Where the Wild Things Are (2009)
★★★★ / ★★★★
When my two friends who are very different from each other told me that they didn’t enjoy the film, I knew it wasn’t going to be everyone’s cup of tea. “Where the Wild Things Are,” directed by Spike Jonze (“Being John Malkovich” and “Adaptation.”) and based on a children’s book by Maurice Sendak, tells the story of a boy named Max (Max Records) and where his mind goes after going through a very tough confrontation with his mother (Catherine Keener). But the frustration is deeper than it seems; his sister is growing up and he does not get the same kind of attention he used to, his mother has a new boyfriend and is very involved in her work, and he does not have many friends. He’s a sensitive little kid and even certain bits of information he learns from school (like the sun eventually stopping to give off light) gets to him. That loneliness and wanting to be noticed makes him very aggressive so the audiences get a lead character who is edgy but is someone who we can ultimately root for because we see the story from his perspective.
As a person who has taken courses on child psychology, I think the writing is exemplary. A lot of people may think that Max is just a kid who is self-absorbed and immature. But has anyone really met a nine-year-old who does not have any of those qualities? I can barely even name an adult who is not at times self-centered and lacking maturity. I think one of the main problems when audiences watch a movie from a child’s perspective is that they fail to consider that children think (and therefore act) very differently than adults. Children have yet to find their identities so they seem to be one thing one minute and be another completely different thing the next. That manic sense of energy should not be seen as being annoying but instead should be seen as a rite of passage. I mention this in my review because I think that all of these basic background infromation should be taken into consideration in order to (in the very least) understand Max’ situation and mindset. I found the lead character to be a very lovable person because he was strong enough to turn a very sad situation into an adventure. And to be honest, I could identify with him because I remember back when I was seven or eight years old when sometimes I wasn’t allowed to play with the other children outside so I turned to my toys and made up stories that reflected how I felt at the time. (I loved that scene when Records told Keener a story about a vampire who lost his teeth. It was a metaphor about infinite things and I was deeply touched.)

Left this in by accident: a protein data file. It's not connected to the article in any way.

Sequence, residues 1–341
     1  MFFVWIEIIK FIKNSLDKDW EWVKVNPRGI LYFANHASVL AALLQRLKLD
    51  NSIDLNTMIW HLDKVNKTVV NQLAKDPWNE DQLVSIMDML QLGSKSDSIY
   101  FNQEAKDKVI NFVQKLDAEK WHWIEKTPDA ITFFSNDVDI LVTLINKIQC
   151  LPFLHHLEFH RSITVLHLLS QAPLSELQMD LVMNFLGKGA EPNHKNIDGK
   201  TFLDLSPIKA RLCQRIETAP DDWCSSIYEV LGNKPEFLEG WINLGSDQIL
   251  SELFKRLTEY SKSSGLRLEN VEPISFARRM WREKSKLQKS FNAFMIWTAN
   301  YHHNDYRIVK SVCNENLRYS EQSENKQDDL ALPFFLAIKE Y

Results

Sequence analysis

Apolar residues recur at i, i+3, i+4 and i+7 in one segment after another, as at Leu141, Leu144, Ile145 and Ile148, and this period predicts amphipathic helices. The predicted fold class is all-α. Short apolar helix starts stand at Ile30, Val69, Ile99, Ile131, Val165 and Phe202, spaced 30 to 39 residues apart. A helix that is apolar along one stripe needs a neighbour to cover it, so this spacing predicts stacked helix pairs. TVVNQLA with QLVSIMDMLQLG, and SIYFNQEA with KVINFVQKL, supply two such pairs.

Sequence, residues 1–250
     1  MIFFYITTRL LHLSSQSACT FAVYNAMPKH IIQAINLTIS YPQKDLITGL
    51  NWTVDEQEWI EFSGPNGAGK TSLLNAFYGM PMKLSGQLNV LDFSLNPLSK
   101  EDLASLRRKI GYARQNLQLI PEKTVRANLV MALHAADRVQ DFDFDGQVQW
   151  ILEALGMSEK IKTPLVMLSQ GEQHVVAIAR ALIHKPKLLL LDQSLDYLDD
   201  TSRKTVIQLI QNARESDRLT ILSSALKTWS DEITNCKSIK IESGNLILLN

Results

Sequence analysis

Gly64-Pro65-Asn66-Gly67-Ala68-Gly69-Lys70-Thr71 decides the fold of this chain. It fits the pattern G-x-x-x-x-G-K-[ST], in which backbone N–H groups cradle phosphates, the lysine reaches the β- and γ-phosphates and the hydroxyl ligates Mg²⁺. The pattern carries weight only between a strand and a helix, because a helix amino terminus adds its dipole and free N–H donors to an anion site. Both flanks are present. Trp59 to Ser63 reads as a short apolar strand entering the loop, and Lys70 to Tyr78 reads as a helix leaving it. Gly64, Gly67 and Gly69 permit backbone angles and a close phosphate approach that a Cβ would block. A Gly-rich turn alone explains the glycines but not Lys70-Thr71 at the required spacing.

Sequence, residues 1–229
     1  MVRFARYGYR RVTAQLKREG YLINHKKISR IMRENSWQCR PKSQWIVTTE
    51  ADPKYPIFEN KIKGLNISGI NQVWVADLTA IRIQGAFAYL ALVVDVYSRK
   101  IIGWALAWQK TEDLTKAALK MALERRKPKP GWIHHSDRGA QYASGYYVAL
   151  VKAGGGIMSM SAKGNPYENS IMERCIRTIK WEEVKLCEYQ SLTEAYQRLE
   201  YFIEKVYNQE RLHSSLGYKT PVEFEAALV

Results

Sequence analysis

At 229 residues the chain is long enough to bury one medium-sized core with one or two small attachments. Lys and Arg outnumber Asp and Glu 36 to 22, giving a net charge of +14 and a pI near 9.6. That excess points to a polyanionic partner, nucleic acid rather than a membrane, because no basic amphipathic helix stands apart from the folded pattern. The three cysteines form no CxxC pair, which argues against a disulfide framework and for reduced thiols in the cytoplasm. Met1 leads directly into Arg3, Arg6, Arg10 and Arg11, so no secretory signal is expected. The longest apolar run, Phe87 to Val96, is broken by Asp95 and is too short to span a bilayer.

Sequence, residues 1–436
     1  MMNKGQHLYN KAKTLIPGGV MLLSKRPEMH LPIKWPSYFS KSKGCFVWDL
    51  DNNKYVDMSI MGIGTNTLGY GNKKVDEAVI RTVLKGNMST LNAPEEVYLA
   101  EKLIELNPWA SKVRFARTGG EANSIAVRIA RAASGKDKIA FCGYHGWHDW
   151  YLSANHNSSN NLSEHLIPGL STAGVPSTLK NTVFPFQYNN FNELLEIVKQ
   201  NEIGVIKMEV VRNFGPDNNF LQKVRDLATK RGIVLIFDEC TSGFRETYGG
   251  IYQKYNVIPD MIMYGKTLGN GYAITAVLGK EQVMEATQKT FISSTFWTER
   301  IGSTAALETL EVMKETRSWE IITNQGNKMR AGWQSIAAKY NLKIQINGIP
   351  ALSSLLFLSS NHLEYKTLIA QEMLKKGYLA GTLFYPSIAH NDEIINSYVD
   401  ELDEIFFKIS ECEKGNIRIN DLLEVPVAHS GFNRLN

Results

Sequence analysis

A friend of mine mentioned that the movie doesn’t really have a defined story. For me, there was: Max takes refuge into his imagination where he meets all these giant puppet-like creatures with very distinct personalities because he feels abandoned–that no one is even attempting to understand what he’s going through. Those creatures (Catherine O’Hara, Forest Whitaker, Michael Berry Jr., Chris Cooper, Lauren Ambrose, Paul Dano and James Gandolfini) represent all of the major personalities inside him which cannot yet be controlled because he hasn’t experienced life. I thought the varying ways the creatures interacted (and sometimes collided) was very insightful because, in psychology, there is a theory that our dominant personality is simply a combination of our many different (extreme) personalities. Sometimes, there happens to be an imbalance (also reflected in one of the creatures–bipolar disorder, perhaps?) which causes great conflict in how we think and ultimately view the world. And even if my interpretation is “wrong,” there are great movies out there that don’t really have set story that is easy to understand.
“Where the Wild Things Are” is the kind of film I’ll eventually really love with repeated viewings. Yes, it’s sometimes hard to sit through because it’s not the kind of children’s movie one would expect. While there definitely are cute images, Jonze took the material to the next level and it really delves into many emotions such as sadness, confusion, isolation, not being heard or considered an integral part of a group, anger, jealousy, and even depression. I loved the fact that it’s rough around the edges and far from a typical movie where everyone goes “Aww” and easily label it as a great movie. (In fact, we even saw the monsters’ dark sides… which was scary at times because they made it clear that they could eat people.) In “Where the Wild Things Are,” you would actually have to think a little bit, see what’s under the surface to truly realize its greatness. This is an intelligent person’s movie and if you don’t like to take the effort to see some parallels between Max’ reality and imagination, then this movie might not be right for you.